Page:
Bucharest reminded me of Argentina, São Paulo and at times, Mexico City. It has a similar faded grandeur, dictatorship, and revolution vibe with a smattering of socialist, architecture and mid-century modern splendours.
Its flea markets are full of GDR ephemera which makes sense as both countries were behind the iron curtain albeit not part of the USSR.
I loved Bucharest and your money (Lei) goes a LONG way. My Airbnb was £19 a night and one of the best I’ve stayed in and your 3-course dinner will set you back around £15, and that’s including a couple of Romanian Ursus beers.
(Sadly no Vampire encounters though).
National Military Museum, Romania | Strada Mircea, Vulcanescu 125 – 127, Bucuresti 010819, Romania
Expect to see nobody else the entire time in you’re in this military museum. Expect to read nothing in English. Expect to see the best example of a mid-century interior in the most unlikely place. Expect to like the place. I did.
Aripi (Wings) | 2016 | Piata Presei Libere | Artist Mihai Buculei
Dedicated to anti-communist resistance. Built in 2016 but you’d swear it was Soviet-era.
Hero's Memorial | Carol Park, Bucharest | 1963
Built to honour the revolutionary socialist militants. Post-communism it was instead dedicated to the Unknown Soldier in 1991.
InterContinental Bucharest | Bulevardul Nicolae, Balcescy 4, Bucuresti 010051, Romania | 1967 – 1970.
Architects: Dinu Hariton, Gheorghe Nadrag, Ion Moscu, Romeo Belea.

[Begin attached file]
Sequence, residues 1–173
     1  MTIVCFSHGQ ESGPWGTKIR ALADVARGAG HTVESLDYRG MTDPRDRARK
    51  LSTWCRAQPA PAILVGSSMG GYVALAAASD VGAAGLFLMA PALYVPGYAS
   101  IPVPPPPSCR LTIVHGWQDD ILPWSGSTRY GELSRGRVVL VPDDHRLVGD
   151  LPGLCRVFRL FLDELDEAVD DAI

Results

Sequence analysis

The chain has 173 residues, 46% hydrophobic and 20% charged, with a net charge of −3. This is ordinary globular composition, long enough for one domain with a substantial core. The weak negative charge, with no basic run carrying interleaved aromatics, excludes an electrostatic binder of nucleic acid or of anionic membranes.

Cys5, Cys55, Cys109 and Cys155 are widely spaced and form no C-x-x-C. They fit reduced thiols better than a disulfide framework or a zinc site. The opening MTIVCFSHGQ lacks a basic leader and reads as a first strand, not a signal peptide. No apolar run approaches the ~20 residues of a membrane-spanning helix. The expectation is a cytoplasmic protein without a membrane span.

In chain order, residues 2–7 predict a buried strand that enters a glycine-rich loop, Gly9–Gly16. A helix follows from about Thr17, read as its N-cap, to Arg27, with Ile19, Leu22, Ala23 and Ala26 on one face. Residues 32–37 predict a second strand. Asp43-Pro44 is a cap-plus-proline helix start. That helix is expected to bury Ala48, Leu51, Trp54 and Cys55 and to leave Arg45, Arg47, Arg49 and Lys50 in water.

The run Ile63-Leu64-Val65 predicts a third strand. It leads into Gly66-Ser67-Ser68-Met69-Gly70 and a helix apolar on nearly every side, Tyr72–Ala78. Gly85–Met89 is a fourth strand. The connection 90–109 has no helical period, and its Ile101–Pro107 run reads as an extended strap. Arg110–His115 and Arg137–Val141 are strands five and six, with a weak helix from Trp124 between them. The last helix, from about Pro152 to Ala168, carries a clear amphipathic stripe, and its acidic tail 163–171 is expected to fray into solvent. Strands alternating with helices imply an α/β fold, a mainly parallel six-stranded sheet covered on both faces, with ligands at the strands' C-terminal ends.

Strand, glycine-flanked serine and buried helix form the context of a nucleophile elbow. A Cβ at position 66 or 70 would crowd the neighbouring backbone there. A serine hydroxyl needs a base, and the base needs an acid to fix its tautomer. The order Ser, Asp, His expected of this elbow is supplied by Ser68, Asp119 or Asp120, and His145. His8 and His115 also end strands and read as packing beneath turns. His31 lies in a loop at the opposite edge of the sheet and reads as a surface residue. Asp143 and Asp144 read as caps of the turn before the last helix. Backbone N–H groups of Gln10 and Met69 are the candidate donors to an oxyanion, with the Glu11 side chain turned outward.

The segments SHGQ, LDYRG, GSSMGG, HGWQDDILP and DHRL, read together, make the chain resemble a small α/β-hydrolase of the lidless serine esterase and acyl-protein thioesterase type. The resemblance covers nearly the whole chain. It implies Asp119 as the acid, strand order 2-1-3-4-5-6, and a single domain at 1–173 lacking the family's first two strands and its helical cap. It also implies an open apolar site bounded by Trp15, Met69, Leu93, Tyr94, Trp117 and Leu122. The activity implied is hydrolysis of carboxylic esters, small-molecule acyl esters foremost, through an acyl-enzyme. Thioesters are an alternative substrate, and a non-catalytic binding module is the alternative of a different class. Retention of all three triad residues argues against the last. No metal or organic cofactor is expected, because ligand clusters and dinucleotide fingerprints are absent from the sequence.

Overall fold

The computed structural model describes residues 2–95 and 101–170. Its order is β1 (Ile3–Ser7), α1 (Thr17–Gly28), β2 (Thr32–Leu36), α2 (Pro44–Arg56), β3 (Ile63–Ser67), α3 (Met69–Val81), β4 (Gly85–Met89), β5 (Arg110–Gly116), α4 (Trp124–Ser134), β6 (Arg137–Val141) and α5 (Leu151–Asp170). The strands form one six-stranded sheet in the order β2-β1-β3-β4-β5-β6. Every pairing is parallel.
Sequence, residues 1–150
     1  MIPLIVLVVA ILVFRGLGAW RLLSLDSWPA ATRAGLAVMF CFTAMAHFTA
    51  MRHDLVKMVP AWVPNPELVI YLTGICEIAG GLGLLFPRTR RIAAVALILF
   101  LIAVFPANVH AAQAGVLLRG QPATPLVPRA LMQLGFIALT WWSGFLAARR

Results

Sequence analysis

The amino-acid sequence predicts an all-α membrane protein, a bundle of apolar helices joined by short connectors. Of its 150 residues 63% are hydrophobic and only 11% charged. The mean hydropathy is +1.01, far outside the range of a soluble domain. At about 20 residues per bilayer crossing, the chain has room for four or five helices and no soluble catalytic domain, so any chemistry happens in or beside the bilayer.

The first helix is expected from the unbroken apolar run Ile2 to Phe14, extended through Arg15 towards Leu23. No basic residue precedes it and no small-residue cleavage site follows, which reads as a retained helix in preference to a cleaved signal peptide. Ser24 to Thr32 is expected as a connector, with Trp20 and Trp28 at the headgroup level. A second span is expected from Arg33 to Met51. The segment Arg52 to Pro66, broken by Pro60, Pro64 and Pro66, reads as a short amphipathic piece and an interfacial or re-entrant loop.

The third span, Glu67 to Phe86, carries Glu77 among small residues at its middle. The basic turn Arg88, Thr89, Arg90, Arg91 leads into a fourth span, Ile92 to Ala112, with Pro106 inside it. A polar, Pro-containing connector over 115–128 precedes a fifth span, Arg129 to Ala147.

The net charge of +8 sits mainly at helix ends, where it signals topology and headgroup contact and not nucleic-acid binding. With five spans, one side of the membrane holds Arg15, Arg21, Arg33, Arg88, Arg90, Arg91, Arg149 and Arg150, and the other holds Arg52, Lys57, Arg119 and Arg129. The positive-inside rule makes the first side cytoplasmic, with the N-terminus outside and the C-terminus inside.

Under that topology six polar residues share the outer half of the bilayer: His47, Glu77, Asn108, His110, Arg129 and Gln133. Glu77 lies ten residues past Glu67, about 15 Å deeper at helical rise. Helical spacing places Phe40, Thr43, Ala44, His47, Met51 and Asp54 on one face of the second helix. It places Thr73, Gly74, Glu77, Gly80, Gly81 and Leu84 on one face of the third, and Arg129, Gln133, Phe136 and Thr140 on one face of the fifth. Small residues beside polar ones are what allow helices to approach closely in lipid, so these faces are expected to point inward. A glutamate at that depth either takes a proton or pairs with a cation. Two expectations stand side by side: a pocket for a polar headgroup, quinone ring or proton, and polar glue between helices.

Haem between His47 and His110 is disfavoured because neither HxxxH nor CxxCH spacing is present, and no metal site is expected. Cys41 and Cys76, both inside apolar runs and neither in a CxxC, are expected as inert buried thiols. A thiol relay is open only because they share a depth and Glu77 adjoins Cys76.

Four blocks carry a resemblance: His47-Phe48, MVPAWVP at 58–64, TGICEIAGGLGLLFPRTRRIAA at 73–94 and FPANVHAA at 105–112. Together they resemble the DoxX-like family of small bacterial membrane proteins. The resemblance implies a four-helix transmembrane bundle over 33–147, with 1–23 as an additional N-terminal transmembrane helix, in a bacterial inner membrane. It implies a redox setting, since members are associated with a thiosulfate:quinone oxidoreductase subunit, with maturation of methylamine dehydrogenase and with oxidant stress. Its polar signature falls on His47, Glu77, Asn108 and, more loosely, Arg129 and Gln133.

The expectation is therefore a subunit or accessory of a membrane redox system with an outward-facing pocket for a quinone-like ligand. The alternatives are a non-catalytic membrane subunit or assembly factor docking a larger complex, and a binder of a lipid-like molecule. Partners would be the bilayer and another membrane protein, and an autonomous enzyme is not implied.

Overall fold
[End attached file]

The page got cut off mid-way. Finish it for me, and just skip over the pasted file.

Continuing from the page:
This was the hotel of choice for the foreign press during the Romanian Revolution of 1989. They had prime views of University Square and didn’t even have to leave their rooms.
Clock Tower | On the grounds of the InterContinental Hotel
Vintage hotel signs outside vintage hotels in the Old Town
GDR-era TV | A much lusted-after item during the GDR years...
Egalitarian Soviet-era sculpture. A welder socialist chick. Maybe she’s called Alex and works in a steel mill by day and dances in a strip bar at night.
1960s factory in the process of being demolished. Randomly stumbled upon it – didn’t make a note of where – there were two angry dogs after my ankles.
Random street views part 1. Between 1945 and 1989 only the state and communist leaders were allowed to own or travel in cars so signs like this were commonplace.
IT’S A 1960s PUBLIC FOUNTAIN AND IT'S WORKING!!
Can’t find anything on this but got to be 1960s?
Random street views part 2….
Sala Palatului | Concert Hall | Bucharest | Strada Ion, Campineanu 28, Bucuresti 010039, Romania | 1959 – 1960 | Architect Hori Maicu
Random street views part 3…